the area in which the animal is naturally found, the region in which it is endemic.
active during the night
chemicals released into air or water that are detected by and responded to by other animals of the same species
the kind of polygamy in which a female pairs with several males, each of which also pairs with several different females.
Referring to something living or located adjacent to a waterbody (usually, but not always, a river or stream).
breeding is confined to a particular season
remains in the same area
reproduction that includes combining the genetic contribution of two individuals, a male and a female
associates with others of its species; forms social groups.
living in residential areas on the outskirts of large cities or towns.
uses touch to communicate
that region of the Earth between 23.5 degrees North and 60 degrees North (between the Tropic of Cancer and the Arctic Circle) and between 23.5 degrees South and 60 degrees South (between the Tropic of Capricorn and the Antarctic Circle).
Living on the ground.
A grassland with scattered trees or scattered clumps of trees, a type of community intermediate between grassland and forest. See also Tropical savanna and grassland biome.
uses sound above the range of human hearing for either navigation or communication or both
living in cities and large towns, landscapes dominated by human structures and activity.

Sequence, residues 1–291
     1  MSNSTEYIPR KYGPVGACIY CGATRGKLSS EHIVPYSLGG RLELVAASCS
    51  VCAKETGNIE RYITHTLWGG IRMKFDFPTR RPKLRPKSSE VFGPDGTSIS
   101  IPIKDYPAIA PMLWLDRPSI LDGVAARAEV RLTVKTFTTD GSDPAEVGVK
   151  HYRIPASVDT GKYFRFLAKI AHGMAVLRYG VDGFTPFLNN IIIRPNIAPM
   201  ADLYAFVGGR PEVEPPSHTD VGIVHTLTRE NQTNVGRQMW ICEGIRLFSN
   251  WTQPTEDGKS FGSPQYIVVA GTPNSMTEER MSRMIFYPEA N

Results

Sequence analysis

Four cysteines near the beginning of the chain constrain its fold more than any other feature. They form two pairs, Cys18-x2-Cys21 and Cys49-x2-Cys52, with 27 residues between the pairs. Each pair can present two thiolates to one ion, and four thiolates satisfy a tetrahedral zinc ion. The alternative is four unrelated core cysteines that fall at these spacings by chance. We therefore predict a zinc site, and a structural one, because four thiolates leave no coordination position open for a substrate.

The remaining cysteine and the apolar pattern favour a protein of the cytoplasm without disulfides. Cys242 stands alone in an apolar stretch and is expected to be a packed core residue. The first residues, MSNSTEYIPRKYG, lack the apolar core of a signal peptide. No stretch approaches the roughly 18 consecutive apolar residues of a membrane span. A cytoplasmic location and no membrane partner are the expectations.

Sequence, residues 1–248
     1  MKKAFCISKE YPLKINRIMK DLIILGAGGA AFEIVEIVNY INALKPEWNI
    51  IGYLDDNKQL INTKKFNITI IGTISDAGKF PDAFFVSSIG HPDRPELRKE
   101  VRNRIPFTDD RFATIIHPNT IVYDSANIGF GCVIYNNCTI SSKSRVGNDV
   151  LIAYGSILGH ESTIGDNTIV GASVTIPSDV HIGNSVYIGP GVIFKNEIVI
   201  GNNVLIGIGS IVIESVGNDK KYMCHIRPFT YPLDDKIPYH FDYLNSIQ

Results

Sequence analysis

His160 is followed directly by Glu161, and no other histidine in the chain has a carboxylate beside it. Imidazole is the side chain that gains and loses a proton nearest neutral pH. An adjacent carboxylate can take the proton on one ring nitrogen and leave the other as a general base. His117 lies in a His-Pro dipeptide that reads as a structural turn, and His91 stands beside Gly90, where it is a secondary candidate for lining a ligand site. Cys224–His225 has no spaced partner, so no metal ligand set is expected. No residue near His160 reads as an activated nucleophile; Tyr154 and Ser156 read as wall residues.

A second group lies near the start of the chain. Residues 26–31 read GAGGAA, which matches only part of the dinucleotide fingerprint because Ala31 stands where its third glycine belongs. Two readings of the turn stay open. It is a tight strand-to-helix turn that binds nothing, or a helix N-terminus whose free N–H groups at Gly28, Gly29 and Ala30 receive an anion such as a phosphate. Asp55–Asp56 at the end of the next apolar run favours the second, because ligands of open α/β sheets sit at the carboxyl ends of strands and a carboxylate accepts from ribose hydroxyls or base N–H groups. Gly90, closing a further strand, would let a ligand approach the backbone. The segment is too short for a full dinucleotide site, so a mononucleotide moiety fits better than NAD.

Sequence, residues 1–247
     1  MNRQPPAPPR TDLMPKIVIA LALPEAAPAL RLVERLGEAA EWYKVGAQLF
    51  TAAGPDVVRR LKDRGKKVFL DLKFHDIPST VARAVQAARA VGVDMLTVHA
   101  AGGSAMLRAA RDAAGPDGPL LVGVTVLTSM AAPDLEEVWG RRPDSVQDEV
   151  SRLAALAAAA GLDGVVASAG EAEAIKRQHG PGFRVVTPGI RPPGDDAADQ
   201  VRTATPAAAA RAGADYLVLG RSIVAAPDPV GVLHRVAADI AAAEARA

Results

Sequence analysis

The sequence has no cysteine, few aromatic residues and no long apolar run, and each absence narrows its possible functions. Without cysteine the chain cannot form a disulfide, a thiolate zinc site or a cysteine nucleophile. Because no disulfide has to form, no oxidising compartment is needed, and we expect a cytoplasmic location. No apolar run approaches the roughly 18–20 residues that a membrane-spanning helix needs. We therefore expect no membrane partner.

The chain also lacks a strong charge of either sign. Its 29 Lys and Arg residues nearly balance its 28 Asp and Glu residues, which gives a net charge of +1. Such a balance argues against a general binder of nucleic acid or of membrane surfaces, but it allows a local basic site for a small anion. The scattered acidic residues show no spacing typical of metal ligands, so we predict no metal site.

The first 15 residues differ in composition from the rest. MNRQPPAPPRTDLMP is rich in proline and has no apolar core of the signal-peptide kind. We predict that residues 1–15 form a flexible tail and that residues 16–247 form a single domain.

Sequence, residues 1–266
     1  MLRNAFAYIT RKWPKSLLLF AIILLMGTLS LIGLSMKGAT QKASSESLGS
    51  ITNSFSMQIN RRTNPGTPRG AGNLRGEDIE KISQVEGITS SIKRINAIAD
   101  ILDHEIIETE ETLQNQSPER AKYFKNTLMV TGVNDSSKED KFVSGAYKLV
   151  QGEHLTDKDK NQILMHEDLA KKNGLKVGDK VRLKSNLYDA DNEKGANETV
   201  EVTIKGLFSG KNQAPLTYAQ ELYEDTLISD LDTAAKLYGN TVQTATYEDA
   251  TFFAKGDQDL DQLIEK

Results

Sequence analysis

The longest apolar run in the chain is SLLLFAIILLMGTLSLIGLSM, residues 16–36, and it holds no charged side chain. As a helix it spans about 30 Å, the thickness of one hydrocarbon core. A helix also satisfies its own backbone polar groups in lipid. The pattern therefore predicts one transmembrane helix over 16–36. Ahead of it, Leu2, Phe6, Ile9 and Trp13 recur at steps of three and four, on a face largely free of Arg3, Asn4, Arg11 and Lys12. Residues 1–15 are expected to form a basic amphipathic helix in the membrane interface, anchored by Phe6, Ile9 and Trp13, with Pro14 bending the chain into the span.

uses sight to communicate
reproduction in which fertilization and development take place within the female body and the developing embryo derives nourishment from the female.
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Bassett, J., J. Wiebers. 1979. Subspecific Differences in the Urine Concentrating Ability of Myotis lucifugus. Journal of Mammalogy, 60(2): 395-397.
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Hall, E. 1981. The Mammals of North America. New York: John Wiley and Sons.
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Nowak, R. 1994. Walker's Bats of the World. Baltimore, Maryland: The Johns Hopkins University Press.
Ratcliffe, J., J. Dawson. 2003. Behavioural flexibility: the little brown bat, Myotis lucifugus, and the northern long-eared but, M. septentrionalis, both glean and hawk prey. Animal Behaviour, 66: 847-856.
Schowalter, D. 1980. Swarming, Reproduction, and Early Hibernation of Myotis lucifugus and M. volans in Alberta, Canada. Journal of Mammalogy, 61(2): 350-354.
Tuttle, M. 1991. How North America's Bats Survive the Winter. Bats, 9(3): 7-12.
Wai-Ping, V., M. Fenton. 1988. Nonselective Mating in Little Brown Bats (Myotis lucifugus). Journal of Mammalogy, 69(3): 641-645.